It is perhaps no great mystery why, when a young Frenchman walked into a bar in Toronto back in 1985, this woman eight years older went home with him. What I still haven’t figured out is how we managed to bridge the gap of distance, language and culture, get married and remain together all these years.

But I’m so glad we did.

What’s your favourite love — or divorce — story?

27 thoughts on “Histoires d’amour

  1. Lovely post, Mel. Funnily enough I was just musing on the very same thing today, feeling thankful that I am with my partner, thankful that he is emotionally literate, when I meet so many people who seem to career through life not really understanding what the hell they’re doing (no judgment, ha). The parents on both sides had long and happy marriages and so I think there’s something in us that believes in the stability and longevity of partnership too and that problems can be sorted. 24 years on, we still make each other laugh… Can’t wait to see that Thorpe thing, by the way – Whishaw is always amazing.

    1. So glad it spoke to you, Colin. And happy that you are able to speak from experience about the satisfactions of a long-term relationship. I think you’re right about coming from a background of long and (mostly) happy marriages — and what better proof that it’s working if you still make each other laugh? 😍 As for Whishaw, he was a true revelation for me in this mini-series. Huge talent!

  2. Happy anniversary!
    Birkin and Gainsbourg had an 18-year age difference, but one never hears about that.
    The important detail in the Macron couple is that the younger one pursued the older one (and who at first rebuffed the advances).

    1. Oh, I agree! The age difference is only ever mentioned if it’s the opposite of what is expected gender-wise. 😉 As for us, we’re between anniversaries at the moment but at this stage, who’s counting? (Although we always celebrate in one way or another!)

  3. Congrats! Lovely post (and I love that link from Colin Bisset too). After 23 years together I still enjoy my hubby’s humour and to me he is exactly the same person I fell in love with. Isn’t love strange!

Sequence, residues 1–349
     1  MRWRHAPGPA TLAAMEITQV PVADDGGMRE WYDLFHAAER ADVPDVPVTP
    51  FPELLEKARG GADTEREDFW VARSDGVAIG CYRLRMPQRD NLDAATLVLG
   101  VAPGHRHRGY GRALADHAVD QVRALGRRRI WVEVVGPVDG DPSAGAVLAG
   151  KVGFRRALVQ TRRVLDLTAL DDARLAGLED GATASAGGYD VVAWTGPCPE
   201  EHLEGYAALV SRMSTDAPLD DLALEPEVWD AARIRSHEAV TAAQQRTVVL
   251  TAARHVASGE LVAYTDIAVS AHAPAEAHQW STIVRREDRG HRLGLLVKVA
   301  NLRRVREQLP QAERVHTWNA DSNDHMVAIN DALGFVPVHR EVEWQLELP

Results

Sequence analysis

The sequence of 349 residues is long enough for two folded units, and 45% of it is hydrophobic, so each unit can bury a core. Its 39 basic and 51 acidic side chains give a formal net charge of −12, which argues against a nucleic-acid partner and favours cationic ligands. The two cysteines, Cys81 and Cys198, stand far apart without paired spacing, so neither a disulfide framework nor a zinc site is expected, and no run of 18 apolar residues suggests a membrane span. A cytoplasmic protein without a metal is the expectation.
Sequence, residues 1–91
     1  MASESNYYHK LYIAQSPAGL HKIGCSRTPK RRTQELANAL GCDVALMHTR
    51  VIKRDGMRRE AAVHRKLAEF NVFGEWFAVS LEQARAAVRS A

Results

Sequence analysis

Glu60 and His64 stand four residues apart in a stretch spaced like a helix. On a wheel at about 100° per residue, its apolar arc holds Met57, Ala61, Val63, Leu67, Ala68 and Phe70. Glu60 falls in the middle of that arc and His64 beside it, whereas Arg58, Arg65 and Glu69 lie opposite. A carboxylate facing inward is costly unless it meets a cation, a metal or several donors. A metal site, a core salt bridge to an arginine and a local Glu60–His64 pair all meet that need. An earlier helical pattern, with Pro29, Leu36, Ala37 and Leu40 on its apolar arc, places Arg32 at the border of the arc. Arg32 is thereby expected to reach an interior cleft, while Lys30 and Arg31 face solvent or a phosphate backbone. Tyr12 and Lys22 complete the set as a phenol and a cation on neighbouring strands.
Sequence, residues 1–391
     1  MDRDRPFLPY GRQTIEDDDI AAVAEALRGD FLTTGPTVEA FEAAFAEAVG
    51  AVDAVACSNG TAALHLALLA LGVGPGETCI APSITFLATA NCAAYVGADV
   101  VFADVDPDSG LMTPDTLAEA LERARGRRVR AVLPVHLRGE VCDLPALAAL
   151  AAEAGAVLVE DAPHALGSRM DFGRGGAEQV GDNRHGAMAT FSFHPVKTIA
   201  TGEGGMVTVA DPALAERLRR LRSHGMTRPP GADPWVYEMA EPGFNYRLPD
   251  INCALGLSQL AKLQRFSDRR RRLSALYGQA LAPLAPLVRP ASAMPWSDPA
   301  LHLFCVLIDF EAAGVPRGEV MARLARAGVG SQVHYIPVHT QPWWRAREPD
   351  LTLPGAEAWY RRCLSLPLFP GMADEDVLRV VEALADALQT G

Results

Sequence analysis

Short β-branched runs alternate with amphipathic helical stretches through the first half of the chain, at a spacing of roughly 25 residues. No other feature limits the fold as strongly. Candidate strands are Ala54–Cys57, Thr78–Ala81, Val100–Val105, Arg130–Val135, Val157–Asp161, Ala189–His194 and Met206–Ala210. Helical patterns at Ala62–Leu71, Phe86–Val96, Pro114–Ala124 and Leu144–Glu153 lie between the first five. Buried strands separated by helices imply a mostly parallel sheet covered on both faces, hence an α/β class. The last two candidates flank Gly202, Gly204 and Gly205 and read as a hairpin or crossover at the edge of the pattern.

4. You would think that, having divorced not once but twice and raised four daughters from the age of 8, 5, 2 and barely embryo on my own (the eldest is from my first marriage, by the way) that I would have thrown in the towel and bitterly renounced all things Eros. But when I heard a soft voice behind me in The Tate Modern as I expounded garbage about the particular Kusama I was peering at to my friend JimPig who had, unbenoticed by me wandered off, when I heard that voice gently tell me that he thought I was speaking to the wrong person all that could be right and beautiful about life was there in the breath between us. That was 6 years ago. We married 5 years ago this month. We have endured quite the battle to be able to be together on the same continent for as long as we both shall live. There are cynics who quietly murmur and sometimes boldly exclaim to us that living together will probably be Hell and we will go our separate ways. How do I explain sanely and rationally that we know that will never happen. I was in my 50s and he in his 60th year when we met. Love fascinates me. Always has. It’s bright light it’s darkest darkness it’s hope it’s pain it’s delight it’s despair. I love love. But I consider myself extremely fortunate to have found my one true love at any point in my life …. and maybe that’s the thing. I had two failed marriages and they failed ultimately because we were not with the right person. Even now there are people enduring the pit of despair that comes from being with the wrong person but for whom divorce is not an option. The real question for me is whether it has become too easy to jump because one thing I can say with certainty is that if you have children together that relationship will never truly end. I (rather appropriately) LOVED this post, Mel. Thank you so much (and I will be waiting for PBS to air both shows here …. the Thorpe I knew I was eager to see but the lady lawyers I have not had wind of so I will write a note to self to look out for it).